Microclimate of a pepper crop under screenhouse conditions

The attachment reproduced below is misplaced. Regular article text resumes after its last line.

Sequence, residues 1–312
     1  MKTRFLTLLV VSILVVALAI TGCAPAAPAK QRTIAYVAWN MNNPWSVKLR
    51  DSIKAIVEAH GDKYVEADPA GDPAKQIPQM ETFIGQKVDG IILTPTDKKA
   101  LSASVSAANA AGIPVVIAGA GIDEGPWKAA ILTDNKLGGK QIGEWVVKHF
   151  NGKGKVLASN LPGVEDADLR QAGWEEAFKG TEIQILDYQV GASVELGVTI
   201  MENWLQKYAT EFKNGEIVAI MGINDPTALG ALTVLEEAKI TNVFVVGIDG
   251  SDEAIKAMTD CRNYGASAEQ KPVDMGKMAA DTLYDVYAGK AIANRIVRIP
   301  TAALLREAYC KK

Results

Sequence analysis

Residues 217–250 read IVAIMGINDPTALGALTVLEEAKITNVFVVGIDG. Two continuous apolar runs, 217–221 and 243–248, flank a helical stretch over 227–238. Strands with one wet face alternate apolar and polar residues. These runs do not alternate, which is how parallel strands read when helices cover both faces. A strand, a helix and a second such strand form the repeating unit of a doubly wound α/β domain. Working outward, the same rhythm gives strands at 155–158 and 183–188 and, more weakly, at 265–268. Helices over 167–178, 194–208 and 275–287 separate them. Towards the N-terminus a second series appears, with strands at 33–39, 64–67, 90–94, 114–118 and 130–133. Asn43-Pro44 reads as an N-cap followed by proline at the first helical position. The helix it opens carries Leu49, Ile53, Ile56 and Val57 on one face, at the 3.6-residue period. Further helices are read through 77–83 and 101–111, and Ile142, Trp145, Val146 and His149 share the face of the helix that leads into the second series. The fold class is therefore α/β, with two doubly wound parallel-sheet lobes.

In the present study, the influence of three different shading nets with different colour, shading intensity and porosity on the screenhouse and crop microclimate was experimentally investigated. The experiments were carried out from May to October of 2011 in the experimental farm of the University of Thessaly in Velestino, central Greece. Seedlings of pepper plants were transplanted during May in three screenhouses and in open field. The three screenhouses were covered with the following nets: (a) an anti-thrip insect proof white net with shading intensity of about 13%, (b) an anti-thrip insect proof white net with shading intensity of about 34% and (c) a green shading net with shading intensity of about 36%. Shading nets (a) and (b) had same porosity but different shading intensity while shading nets (b) and (c) had similar shading intensity but different porosity. The following parameters were recorded regularly inside and outside the screenhouses: global solar radiation, air temperature and humidity and crop temperature and transpiration rate. In addition, wind speed and direction were also measured outside the screenhouses. The results showed that the reduction of solar radiation above the crop was proportional to the shading intensity of the net. It was found that the air temperature values measured under the screenhouses were similar to those measured in the open field. However, the canopy to air temperature difference was higher in the open field than under screenhouse conditions, with the lowest values observed under the screenhouse covered by the anti-thrip insect proof white net with shading intensity of 35%. In addition, the canopy-to-air vapour pressure deficit was significantly lower in the crop grown under shading than in the open field. © ISHS 2012.